Sonja Dabizljevic Thesis Defense: Project Description
Title: Investigating the transcriptional regulation of col2ala in zebrafish
Cartilage is an important tissue in vertebrates beginning in the early embryo where it lays down the scaffolding for the skeleton, and continuing through adulthood where it makes up joints and intervertebral disks. The major component of cartilage is a filamentous protein known as Collagen type II, alpha 1 (Col2al). Mutations in col2al in humans can lead to multiple congenital disorders and the early onset of joint and retinal deterioration. Our laboratory is interested in understanding the conserved transcriptional regulation of this critical structural gene utilizing the zebrafish, Danio rerio. Previously, we identified a 310 bp regulatory region (R2) 1.7 kb upstream of the transcriptional start site that is critical for cartilage, ear, and notochord expression of the col2ala gene in zebrafish. Utilizing transgenic zebrafish EGFP reporter analysis, we have narrowed the R2 region down to 120 bp that can still reproduce the full col2ala mRNA expression seen by in situ hybridization. By reducing the R2 element to 60 bp we can specify cartilage and ear expression, while eliminating notochord expression. By employing comparative genomic analysis we identified three highly conserved putative transcription factor binding sites for the transcription factor families of Ets, Runx, and Sox. Generation of targeted deletions of these transcription factor binding sites in our transgenic reporter results in loss of EGFP reporter activity, suggesting their necessity for normal col2ala activity.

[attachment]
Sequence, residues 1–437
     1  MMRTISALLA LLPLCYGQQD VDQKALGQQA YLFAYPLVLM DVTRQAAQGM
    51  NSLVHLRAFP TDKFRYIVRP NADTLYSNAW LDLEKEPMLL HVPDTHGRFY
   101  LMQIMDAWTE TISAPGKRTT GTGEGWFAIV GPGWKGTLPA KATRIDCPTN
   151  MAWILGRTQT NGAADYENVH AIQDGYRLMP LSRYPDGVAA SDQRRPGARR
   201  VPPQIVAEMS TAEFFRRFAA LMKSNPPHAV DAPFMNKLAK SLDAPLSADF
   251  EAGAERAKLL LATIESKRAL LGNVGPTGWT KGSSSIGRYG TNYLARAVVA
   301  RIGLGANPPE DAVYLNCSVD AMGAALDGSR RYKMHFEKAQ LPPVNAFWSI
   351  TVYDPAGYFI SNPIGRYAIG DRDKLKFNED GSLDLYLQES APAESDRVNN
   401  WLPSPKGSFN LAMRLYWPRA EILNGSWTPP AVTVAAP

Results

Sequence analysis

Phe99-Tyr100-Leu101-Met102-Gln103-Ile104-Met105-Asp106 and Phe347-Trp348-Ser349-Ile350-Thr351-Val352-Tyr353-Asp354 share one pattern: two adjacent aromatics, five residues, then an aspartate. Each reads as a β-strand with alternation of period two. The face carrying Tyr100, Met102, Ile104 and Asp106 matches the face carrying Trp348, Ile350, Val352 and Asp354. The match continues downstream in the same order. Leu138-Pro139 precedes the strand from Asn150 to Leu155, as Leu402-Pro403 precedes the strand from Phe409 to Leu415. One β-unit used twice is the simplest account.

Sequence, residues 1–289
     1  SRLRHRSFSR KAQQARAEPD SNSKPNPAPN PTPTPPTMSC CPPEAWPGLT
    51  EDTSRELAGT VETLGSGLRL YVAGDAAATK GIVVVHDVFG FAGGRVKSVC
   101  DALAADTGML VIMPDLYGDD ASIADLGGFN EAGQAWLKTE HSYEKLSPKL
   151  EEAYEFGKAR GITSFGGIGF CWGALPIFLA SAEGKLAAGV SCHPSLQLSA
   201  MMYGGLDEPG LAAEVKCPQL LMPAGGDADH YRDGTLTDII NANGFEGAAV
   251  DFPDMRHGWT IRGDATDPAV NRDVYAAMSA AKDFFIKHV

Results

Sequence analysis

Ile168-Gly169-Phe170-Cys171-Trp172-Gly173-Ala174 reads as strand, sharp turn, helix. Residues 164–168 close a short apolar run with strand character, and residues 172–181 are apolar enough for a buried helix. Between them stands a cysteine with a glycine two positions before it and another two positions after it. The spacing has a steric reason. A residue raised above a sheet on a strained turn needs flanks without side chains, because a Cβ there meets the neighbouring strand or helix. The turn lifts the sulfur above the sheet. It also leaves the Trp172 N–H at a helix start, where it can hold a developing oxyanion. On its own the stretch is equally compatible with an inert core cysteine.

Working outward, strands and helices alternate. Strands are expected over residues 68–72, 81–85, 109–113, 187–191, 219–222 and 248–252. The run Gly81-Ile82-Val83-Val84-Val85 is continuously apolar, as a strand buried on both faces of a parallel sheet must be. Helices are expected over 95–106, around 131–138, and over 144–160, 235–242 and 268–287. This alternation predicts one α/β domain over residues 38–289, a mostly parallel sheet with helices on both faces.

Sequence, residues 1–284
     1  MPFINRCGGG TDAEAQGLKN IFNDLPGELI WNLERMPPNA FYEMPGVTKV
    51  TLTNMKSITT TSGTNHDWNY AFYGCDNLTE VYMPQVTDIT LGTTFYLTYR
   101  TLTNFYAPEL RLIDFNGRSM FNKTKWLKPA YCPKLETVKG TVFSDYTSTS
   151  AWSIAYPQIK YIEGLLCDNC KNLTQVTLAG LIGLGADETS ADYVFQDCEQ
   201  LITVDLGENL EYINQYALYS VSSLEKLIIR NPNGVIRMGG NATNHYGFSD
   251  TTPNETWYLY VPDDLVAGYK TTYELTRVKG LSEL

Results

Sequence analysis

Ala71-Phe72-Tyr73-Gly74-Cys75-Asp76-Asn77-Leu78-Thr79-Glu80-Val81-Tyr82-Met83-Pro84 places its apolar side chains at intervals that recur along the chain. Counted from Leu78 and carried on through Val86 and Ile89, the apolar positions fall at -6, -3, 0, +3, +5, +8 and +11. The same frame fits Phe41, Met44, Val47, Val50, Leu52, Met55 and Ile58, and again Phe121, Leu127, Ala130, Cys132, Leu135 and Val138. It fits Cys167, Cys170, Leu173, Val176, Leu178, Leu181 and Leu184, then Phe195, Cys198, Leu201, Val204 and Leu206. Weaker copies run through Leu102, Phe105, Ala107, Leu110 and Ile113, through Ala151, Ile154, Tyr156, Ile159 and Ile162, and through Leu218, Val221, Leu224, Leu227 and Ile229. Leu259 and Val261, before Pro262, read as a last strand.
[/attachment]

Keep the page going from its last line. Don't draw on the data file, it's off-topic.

I would like to thank my thesis advisor, Dr. Rodney M. Dale, for his mentorship during my graduate studies. His passion for research is contagious and his guidance has been instrumental in my advancement as a scientist. I am especially grateful for his continuous support during my continued academic endeavors. Thank you to my fellow Dale lab members who have been valuable assests to have in the laboratory, especially Peter Lyson, Daniel Brissette, and Stephanie Erhard. I am also very grateful to the members of my committee, Dr. Bryan F. Pickett and Dr. Catherine Putonti, for their support and advice during the completion of my project.
Sonja Dabizljevic of Chicago, Illinois, graduated from Loyola University Chicago in 2009 with a Bachelor of Science degree in Biology. After working at Dow Chemical as a laboratory technician for almost three years, she returned to the Master of Science program at Loyola University Chicago in 2012 where she joined the lab of Dr. Rodney M. Dale.
Dr. Rodney M. Dale
Dr. Bryan F. Pickett
Dr. Catherine Putonti